I earned my Ph.D. on May 2, 2014. If you had walked up to me on that day and told me that one day, I’d be co-organizing a Singles Studies Conference, I would probably give you a side-eye. But life has its surprises for sure.
Ketaki Chowkhani and I and spent some time writing up a CFP, looking at proposals, communicating with correspondents, promoting, and performing all kinds of other administrative tasks we academics hate doing. But it was all in a good cause. There were challenges and twists, the details of which not need be mentioned here, but we pulled through.
I had some anxiety the day before. What if my Internet stops working? What if I mess something up? But I found an evening with Netflix and a good night’s sleep helped a lot.
I woke up the morning of and did my usual routine: meditation, stretches, breakfast, and I added coffee to the mix. I logged on at about 8 a.m. EST to see that we already had thirty people signed in. I was quite impressed to see that all the presenters, no matter what time they were scheduled to present, were on before the festivities started and they stayed on the entire time. I was particularly impressed at those who logged on late and stayed on until morning (Laura Dales, I’m talking to you especially).
Bella’s keynote set the stage for the conference, and I thought it was a good primer for the validity of Singles Studies as a discipline – Singles Studies 101. Adriana Savu provided what I thought was a very interesting linguistic breakdown of the word “single” as it is used in Romanian culture. Laura examined the plight of single women in Japan. Lots of questions emanated from those two talks; mine was, “I wonder why divorced women in Japan are more than likely to marry than men. The research I’ve read suggests the opposite.”
In the next session on “Singlehood and Space,” Nora Kottman examined the living spaces of single Japanese women, which brought me back to Eric Klinenberg’s Going Solo, which had me wanting to advocate for more solo-occupancy dwellings, which may become more commonplace as marital rates continue to decline. Paromita Chakravarti examined single women’s residencies in hostels in Kolkata, India, which had me thinking of my observations of the badasses who hostel-hop. While I like the privacy afforded by AirBnBs, I do dig the “adventurer” vibe that comes from the singles who’ve populated the hostels I’ve stayed in.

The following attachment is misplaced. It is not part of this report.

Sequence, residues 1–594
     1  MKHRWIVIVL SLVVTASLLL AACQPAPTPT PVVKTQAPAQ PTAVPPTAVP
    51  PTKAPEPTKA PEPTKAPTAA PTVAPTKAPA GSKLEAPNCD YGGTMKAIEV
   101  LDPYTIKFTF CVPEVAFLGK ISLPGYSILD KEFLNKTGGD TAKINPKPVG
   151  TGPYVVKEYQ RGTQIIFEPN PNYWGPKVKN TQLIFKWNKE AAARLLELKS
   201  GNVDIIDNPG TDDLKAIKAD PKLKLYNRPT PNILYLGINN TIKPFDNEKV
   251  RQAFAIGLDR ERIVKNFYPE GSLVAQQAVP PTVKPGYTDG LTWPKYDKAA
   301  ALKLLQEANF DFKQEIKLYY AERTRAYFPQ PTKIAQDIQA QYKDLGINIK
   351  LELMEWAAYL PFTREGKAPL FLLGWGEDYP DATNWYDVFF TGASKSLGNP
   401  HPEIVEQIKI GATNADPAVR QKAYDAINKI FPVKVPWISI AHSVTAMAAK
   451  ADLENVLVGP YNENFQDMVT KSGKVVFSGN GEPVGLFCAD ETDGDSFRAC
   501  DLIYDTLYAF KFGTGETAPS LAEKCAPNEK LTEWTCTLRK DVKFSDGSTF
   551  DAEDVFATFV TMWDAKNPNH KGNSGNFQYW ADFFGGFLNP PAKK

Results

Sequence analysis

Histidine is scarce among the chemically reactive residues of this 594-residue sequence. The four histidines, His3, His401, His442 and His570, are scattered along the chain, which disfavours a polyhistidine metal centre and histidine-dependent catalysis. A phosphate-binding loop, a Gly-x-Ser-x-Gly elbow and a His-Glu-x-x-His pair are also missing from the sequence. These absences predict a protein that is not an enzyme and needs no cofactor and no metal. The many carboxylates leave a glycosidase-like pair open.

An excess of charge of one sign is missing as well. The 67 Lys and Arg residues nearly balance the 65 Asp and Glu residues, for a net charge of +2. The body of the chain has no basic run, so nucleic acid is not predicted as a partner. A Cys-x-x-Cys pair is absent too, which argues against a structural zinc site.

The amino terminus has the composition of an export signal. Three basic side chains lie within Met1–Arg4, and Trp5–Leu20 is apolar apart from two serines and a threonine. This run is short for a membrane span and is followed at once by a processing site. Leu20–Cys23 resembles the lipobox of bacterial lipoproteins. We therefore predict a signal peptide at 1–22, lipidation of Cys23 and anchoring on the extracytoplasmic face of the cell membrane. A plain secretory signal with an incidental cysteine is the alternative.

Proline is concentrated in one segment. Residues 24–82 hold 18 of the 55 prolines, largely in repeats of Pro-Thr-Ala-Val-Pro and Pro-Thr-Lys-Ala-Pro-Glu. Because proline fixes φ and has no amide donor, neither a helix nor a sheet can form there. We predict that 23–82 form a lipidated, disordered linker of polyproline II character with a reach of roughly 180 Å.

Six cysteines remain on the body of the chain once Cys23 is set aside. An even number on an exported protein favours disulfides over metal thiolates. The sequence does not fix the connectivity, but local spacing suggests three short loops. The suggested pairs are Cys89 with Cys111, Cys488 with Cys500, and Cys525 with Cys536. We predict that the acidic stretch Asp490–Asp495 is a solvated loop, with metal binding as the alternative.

The next panel was on Singlehood and Literature, which appeals to my inner English major. Katherine Fama analyzed Edith Wharton’s work as having a substantial connection with singles studies per her Wharton’s depictions of divorcees and widows in her work. Joan DelFattore analyzed Wit, a play about a single professor who is depicted in terms of singlist stereotypes.
I gave my presentation on how the nuclear family is prioritized in pharmaceutical advertisements, and Katherine’s comment about a Bechdel test for singlism gave me an idea to develop an instrument to create such a test. Saumya Sharma critically analyzed the discourse presented to singles on Valentine’s Day (which I typically celebrate by doing fun “singly” things).
Finally, Dominika Ochnik conducted an empirical study on satisfaction related to singlehood, and Elyakim Kislev, author of Happy Singlehood, in which we discussed the finding that singles have more social networks, which is correlated with happiness.
I couldn’t engage with the presentations as much as I would have liked due to doing some behind-the-scenes administrative responsibilities, but I’m glad as hell these conversations happened. And I got some great ideas from the conversations and presentations. And I look forward to Ketaki and I turning this conference into an essay collection.
My favorite part: living my fun solo life with a jog, a bike ride, and a solo (outdoor) dining experience out with some Italian food at a lovely restaurant called Tesoro’s on Connecticut Avenue in Washington, DC (they didn’t sponsor this post).
Last year, I blogged about my activities for each day of this delightful week devoted to us singletons. This year, since I’m adjusting to a new job in a pandemic (and I spent most of my time inside), I’m just writing one blog posting.
I’ve recently moved to Washington, DC, a VERY singles-friendly environment. Sunday was the most interesting. I met up with a new friend, Joe, a singleton, and we checked out the memorial to recently deceased Supreme Court Justice Ruth Bader Ginsberg. The flowers and notes brought goosebumps to my skin.
Joe is an extrovert and highly knowledgeable in all things DC-related (I guess living year for a decade will do that), so he pointed out all the cool sights, such as The Library of Congress and Mitch McConnell’s house, which we saw two other people flip off.